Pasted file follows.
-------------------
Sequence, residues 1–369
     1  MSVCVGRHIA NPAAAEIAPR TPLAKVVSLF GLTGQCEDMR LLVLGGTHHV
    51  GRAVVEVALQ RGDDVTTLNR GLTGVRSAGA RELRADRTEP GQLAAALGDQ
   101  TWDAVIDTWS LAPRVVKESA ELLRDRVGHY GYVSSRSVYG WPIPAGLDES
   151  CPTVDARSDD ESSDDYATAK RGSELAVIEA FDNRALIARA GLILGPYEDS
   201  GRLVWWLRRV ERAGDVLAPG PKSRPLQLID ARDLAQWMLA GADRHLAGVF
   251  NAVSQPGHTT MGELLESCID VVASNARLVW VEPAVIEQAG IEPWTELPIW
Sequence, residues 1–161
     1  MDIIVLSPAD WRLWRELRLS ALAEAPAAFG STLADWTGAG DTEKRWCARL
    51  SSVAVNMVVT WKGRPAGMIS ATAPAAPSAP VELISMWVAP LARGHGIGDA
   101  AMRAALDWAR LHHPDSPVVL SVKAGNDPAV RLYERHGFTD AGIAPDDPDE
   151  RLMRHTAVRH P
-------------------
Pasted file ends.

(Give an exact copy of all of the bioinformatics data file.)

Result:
Sequence, residues 1–369
     1  MSVCVGRHIA NPAAAEIAPR TPLAKVVSLF GLTGQCEDMR LLVLGGTHHV
    51  GRAVVEVALQ RGDDVTTLNR GLTGVRSAGA RELRADRTEP GQLAAALGDQ
   101  TWDAVIDTWS LAPRVVKESA ELLRDRVGHY GYVSSRSVYG WPIPAGLDES
   151  CPTVDARSDD ESSDDYATAK RGSELAVIEA FDNRALIARA GLILGPYEDS
   201  GRLVWWLRRV ERAGDVLAPG PKSRPLQLID ARDLAQWMLA GADRHLAGVF
   251  NAVSQPGHTT MGELLESCID VVASNARLVW VEPAVIEQAG IEPWTELPIW
Sequence, residues 1–161
     1  MDIIVLSPAD WRLWRELRLS ALAEAPAAFG STLADWTGAG DTEKRWCARL
    51  SSVAVNMVVT WKGRPAGMIS ATAPAAPSAP VELISMWVAP LARGHGIGDA
   101  AMRAALDWAR LHHPDSPVVL SVKAGNDPAV RLYERHGFTD AGIAPDDPDE
   151  RLMRHTAVRH P